The Duluth Aerial Lift Bridge--  
San Bruit exited the marina and out toward the shipping lane of the Duluth MN/ Superior, WI harbor, the largest shipping port on the Great Lakes.   To exit from Lakehead Marina, a boat must move in the general direction of the Duluth aerial lift bridge which is situated quite close to the little marina.  An aerial lift bridge is a novel type of bridge on this side of the Atlantic.    The bridge is raised at the request of the captains of both 1000 foot lakers and salties from around the world.  The most notable freight carried out of this harbor is taconite, sent by train from the Iron Range.  During WWII, these Twin Ports provided the war effort with countless new ships made from the iron ore mined in the Range cities, that string of towns north of Duluth that grew on top of some of the world’s richest ore deposits.  It is a busy harbor and very busy lift bridge from April through November.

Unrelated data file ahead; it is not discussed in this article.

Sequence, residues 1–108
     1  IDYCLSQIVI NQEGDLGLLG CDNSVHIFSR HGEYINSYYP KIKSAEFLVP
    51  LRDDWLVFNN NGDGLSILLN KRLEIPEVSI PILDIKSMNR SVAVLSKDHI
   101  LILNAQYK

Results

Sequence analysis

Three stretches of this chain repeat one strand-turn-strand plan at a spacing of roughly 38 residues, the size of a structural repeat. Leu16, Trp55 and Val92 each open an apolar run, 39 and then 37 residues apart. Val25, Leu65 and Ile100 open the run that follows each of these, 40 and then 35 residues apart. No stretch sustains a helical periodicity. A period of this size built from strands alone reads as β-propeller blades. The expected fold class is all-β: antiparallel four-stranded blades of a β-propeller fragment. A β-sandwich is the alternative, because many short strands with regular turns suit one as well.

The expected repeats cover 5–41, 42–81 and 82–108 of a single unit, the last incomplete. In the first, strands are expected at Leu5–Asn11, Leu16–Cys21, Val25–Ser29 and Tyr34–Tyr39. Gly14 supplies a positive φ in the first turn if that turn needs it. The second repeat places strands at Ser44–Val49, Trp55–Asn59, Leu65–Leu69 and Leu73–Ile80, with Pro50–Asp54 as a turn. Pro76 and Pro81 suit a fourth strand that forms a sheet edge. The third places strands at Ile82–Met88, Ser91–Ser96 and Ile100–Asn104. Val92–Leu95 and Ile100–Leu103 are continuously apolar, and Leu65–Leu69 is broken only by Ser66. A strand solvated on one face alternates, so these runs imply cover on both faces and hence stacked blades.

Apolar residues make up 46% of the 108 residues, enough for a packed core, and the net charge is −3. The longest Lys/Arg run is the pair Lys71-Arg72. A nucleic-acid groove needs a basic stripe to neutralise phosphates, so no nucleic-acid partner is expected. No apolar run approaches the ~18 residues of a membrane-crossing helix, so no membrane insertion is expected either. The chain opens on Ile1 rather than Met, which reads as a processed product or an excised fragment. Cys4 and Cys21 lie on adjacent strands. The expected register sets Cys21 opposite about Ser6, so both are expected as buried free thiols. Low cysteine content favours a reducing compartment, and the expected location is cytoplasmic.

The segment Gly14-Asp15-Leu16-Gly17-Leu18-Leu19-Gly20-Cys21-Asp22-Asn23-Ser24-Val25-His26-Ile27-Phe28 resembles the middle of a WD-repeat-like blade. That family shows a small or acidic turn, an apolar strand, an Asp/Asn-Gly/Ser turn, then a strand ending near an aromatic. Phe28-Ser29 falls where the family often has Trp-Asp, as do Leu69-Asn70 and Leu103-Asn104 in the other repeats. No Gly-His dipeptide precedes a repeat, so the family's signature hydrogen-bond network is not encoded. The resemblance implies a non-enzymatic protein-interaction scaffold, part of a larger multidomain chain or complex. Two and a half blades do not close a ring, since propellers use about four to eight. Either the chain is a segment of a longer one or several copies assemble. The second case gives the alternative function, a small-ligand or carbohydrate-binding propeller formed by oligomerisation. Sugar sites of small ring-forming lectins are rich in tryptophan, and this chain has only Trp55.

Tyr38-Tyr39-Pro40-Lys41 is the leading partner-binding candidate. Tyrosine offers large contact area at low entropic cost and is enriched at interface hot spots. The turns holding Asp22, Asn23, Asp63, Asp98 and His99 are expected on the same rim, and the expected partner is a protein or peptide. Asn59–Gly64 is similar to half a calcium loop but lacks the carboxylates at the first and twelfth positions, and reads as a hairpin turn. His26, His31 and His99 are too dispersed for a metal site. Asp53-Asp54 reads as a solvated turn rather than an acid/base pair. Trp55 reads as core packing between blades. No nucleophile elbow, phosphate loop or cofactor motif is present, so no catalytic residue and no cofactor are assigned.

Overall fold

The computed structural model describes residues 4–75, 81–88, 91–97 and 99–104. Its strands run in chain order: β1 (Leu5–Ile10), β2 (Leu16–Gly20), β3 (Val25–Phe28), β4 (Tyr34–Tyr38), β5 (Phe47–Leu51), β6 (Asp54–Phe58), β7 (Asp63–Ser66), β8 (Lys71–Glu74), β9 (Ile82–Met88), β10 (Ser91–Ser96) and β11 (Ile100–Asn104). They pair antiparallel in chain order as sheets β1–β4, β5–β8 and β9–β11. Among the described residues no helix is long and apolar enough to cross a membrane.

Filled with relief at having “fixed” the tiller, my husband left me to continue at the helm, with smiling faces all around.  We were out on the water on our very own sailboat!  We were under power, but still—on our own sailboat!  It was a heady moment for us all.  Carl went forward on deck, I surmised, to appreciate the sight of his boat moving through the water from a different perspective.  Our third owner/partner, Bruce, went below to see what it was like being a passenger belowdecks……Noisy?  Comfortable?  Countless “firsts” to experience as “sailors”—although none of us had as yet sailed.  In fact, Sans Bruits didn’t even have her sails onboard yet, let alone attached to the mast or forestay.   We had not yet figured out the sailing part of “sailboat” but that would come another day.   On that day,  we were satisfied just to be onboard Sans Bruit, moving forward with ease and I, for one, felt an unfamiliar surge of pride to be standing where I was, at the helm of this pleasant boat.